A strange, long cloud has returned high above the Arsia Mons volcano on Mars.
As a recurrent feature on Mars, the cloud appears annually above the 20-km-high volcano located near the Martian equator.
It is made up of water ice, but despite resembling a volcanic plume, it is not linked to any volcanic activity. However, the cloud appears along the volcano’s leeward slope (the side that does not face the wind), as airflow is influenced by it.
The mysterious cloud was detected on July 17 and 19 by the Visual Monitoring Camera (VMC) attached to Mars Express — a satellite that has been orbiting around Mars for 16 years. The images of the cloud show that it can reach up to 1800-km in length. And according to the ESA, it can even get big enough to be spotted by telescopes on Earth.
“We have been investigating this intriguing phenomenon and were expecting to see such a cloud form around now,” said the lead author of the ongoing study, Jorge Hernandez-Bernal
The cloud forms each year around the time of the Martian southern summer solstice, which is the period of the year when the Sun is in the southernmost position in the martian skies.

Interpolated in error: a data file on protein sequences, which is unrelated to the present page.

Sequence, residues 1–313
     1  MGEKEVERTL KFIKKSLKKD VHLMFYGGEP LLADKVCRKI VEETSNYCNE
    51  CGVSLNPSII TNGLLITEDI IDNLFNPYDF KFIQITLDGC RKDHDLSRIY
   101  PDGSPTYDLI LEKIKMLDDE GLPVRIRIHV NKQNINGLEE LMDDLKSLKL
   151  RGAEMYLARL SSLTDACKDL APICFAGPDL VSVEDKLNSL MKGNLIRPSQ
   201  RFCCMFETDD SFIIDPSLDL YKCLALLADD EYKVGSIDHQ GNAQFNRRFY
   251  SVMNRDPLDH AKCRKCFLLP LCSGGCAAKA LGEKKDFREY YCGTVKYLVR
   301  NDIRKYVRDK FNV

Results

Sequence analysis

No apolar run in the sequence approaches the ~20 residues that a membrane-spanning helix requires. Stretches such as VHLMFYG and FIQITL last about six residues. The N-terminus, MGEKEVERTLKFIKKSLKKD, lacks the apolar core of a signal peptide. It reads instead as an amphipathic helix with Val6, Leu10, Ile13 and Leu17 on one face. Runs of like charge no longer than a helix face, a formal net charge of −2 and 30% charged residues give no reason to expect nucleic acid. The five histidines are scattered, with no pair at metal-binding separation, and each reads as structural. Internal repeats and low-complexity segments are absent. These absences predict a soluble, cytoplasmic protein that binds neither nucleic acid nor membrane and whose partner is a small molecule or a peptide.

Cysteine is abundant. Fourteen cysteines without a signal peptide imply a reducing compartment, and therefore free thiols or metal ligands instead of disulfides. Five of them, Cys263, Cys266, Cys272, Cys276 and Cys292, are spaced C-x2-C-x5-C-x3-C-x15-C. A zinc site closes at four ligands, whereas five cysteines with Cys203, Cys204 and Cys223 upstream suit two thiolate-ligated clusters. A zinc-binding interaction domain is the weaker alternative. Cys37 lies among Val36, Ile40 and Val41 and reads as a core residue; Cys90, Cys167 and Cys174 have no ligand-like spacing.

The cloud appears in the early morning, grows over the next 3 hours, and then quickly dissipates just a few hours later. The process is turned into a cycle that usually lasts for around 80 days.
“This elongated cloud forms every martian year during this season around the southern solstice, and repeats for 80 days or even more, following a rapid daily cycle. However, we don’t know yet if the clouds are always quite this impressive”.
There is other spacecraft in orbit around Mars that can spot the cloud in the afternoon; however, Mars Express has such a privileged position being able to give more accurate information on the curious effect.
“The extent of this huge cloud can’t be seen if your camera only has a narrow field of view, or if you’re only observing in the afternoon,” said Eleni Ravanis, who works specifically for the VMC instrument as a Young Graduate Trainee for the Mars Express mission.
“Luckily for Mars Express, the highly elliptical orbit of the spacecraft, coupled with the wide field of view of the VMC instrument, lets us take pictures covering a wide area of the planet in the early morning. That means we can catch it!”
The Mars Express team has named the cloud the Arsia Mons Elongated Cloud, aka AMEC. With the last cycle happening 2 years ago, scientists are still very intrigued by the formation of these water ice clouds.